Hallberg writes that: “The saga observes a strict epic detachment; the narrator’s ego is completely surpressed” and this is true throughout the most part of these two sagas. However the Skraelings and their actions are often described in ways that were probably meant to amuse the people listening to the sagas, and laugh and scorn at the supposed stupidity of the Skraelings. For example, it is described how, after a battle, one of the Skraelings comes finds one of the Norsemen’s axes; in Graenlendinga saga he swings it at one of his companions, who then throws it into the sea; in Eirik’s saga he swings it at a rock and, “thinking it worthless now because it could not withstand stone…threw it away”. It is also, in several instances, how the Norsemen cunningly exploit, fool or trick the natives.
Graenlendinga saga sees the Norsemen using milk to buy goods from the natives, “the result was that the Skraelings carried their purchases away in their bellies, and left their packs and furs with Karlsefni and his men” . In Eirik’s saga the Norsemen use red cloth to trade and “the cloth began to run short; then Karlsefni and his men cut it up into pieces which were no more than a finger’s breadth wide; but the Skraelings paid just as much or even more for it” . Obviously the Norsemen considered the Skraelings as very inferior to them, and perhaps this was the case for all other races- and hence piracy and raids on other countries would have been seen as justifiable?
Another group of people who seem to regard others (this time people of the same race) as inferior to them were Christian Vikings. As was the case in many countries during the period of conversion to Christianity, paganism was much more tolerant of Christianity than vice-versa. For example Thorstein the Black tells Thorstein Eiriksson that he is “”of a different than yours (Christianity), although I consider yours to be better than mine”” . This is a very different attitude than, for example, that of Eirik’s wife (a newly converted Christian) toward paganism; she “refused to live with Eirik (who remained pagan) after she was converted”. Similarly, during a pagan ritual held to see into the future, Thorbjorn Vifilsson “had refused to remain in the house while such pagan practices were being performed”. It seems that Christians were very proud of their religion, to the point of looking down on others of a different faith.
Their can also be seen a similar snobbiness in relation to class; as in Eirik’s saga when a proposed husband for his daughter is suggested to Thorbjorn. He obviously wants his family to have a high class status as he exclaims: “”I never expected to hear such a suggestion from you (his friend Orm)- that I should marry my daughter to the son of a slave! …such a meagre match””. In a very similar manner, Karlsefni’s mother, on meeting his wife, “felt he had married beneath him, and she stayed away from his home for the first winter”.
The above-described instances also highlight another feature of Scandinavian society at the time: the importance, and pride taken in, the family. It was a man’s duty to avenge sins against members of his family. For example in the Graenlendinga saga, when Freydis wants some people killed, she tells her husband (untruthfully): “…they struck me and handled me very roughly. But you, you wretch, would never avenge either my humiliation or your own”. Eventually her husband can “bear her taunts no longer”, and goes and kills the men. People were also ever-aware of who their fathers (second names were a constant reminder) and forefathers had been; in fact one role of sagas was probably to glorify the ancestors of certain people. One’s wrongdoings could result in bad fate for their descendants, as for example when Leif finds out about the people that his sister Freydis has unjustly killed; Leif says: “”I do not have the heart…to punish my sister Freydis as she deserves. But I prophesy that her descendants will never prosper””. Alternately a family line could have good fate; for example a prophetess tells Gudrid of how she will go to Iceland, “”where you will start a great and eminent family line, and over your progeny there shall shine a bright light.”” One would be identified, and have either good or bad fate, according to their family.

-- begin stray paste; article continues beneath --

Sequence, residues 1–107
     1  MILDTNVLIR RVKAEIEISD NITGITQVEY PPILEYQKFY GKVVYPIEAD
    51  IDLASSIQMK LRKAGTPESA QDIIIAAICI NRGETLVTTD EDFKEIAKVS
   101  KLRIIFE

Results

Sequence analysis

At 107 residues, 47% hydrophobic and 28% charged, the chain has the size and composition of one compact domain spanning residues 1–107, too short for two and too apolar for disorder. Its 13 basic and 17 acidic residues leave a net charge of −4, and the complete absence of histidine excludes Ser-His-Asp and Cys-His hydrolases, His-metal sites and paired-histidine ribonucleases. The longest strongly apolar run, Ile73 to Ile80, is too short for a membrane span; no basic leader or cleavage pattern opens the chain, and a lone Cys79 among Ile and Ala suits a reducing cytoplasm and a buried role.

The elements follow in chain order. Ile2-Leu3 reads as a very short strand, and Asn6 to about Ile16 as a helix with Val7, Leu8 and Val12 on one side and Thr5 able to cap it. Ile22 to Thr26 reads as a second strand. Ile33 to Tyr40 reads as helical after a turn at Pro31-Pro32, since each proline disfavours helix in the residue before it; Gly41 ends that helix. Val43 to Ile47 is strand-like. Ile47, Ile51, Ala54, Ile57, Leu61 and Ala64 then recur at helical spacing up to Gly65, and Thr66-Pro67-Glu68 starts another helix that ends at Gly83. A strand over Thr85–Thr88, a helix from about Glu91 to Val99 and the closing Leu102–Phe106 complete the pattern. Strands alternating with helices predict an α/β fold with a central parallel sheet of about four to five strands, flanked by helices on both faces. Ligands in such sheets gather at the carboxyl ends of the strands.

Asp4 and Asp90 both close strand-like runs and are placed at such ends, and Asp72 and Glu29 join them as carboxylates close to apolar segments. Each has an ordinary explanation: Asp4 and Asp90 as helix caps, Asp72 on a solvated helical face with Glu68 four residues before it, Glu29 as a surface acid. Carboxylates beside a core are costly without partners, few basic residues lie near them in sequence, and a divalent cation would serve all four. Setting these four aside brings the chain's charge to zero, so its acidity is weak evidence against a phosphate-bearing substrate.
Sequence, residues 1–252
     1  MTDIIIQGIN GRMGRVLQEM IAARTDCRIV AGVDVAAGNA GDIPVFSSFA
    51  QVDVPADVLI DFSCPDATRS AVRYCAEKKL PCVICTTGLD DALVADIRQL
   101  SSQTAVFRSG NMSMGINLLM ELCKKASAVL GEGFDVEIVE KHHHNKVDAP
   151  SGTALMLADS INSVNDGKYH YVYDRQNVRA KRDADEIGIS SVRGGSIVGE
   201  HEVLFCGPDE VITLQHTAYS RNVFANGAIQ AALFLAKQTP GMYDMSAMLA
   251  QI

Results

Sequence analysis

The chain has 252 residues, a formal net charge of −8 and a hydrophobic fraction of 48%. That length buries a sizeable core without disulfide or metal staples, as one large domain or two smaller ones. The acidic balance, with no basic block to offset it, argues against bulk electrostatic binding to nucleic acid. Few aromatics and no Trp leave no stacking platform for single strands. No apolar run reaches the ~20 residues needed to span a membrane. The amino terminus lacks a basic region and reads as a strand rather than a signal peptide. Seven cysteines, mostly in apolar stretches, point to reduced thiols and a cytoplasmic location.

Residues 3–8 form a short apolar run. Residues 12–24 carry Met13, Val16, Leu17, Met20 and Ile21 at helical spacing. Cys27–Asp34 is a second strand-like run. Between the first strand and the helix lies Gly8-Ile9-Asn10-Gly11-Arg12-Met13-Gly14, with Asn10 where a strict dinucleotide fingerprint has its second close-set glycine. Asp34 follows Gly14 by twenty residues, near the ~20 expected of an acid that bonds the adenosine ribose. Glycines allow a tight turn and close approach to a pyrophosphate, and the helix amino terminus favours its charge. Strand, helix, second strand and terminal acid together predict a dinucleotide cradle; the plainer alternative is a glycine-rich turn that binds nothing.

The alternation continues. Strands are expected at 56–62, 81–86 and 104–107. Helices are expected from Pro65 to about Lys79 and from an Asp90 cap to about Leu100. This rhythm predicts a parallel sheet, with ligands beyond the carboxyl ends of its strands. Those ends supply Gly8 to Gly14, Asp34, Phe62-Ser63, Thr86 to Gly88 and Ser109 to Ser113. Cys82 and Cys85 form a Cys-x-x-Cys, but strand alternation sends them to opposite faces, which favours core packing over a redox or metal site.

In conclusion, the Vinland sagas are not just of use to us in trying to establish where exactly Vinland was. From analysing them from a different perspective one can get an insight into the ideals and values of Scandinavian society in the Viking Age. It was a society where exploration was much admired with fascination, where a man was expected to be brave and sensible and to help others who he found in distress. Yet at the same time, this was a very superstitious society and a society that looked down on foreigners. Individuals took great pride in the way people regarded them, and also in their family and class; and Christians were obnoxiously proud of their religion. Studying insider sources, such as sagas; it becomes clear how all too many foreign sources only give us a narrow, one sided view of a highly complex society, that of the Vikings.
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Sawyer, Birgit and Peter Medieval Scandinavia, (USA, 1995)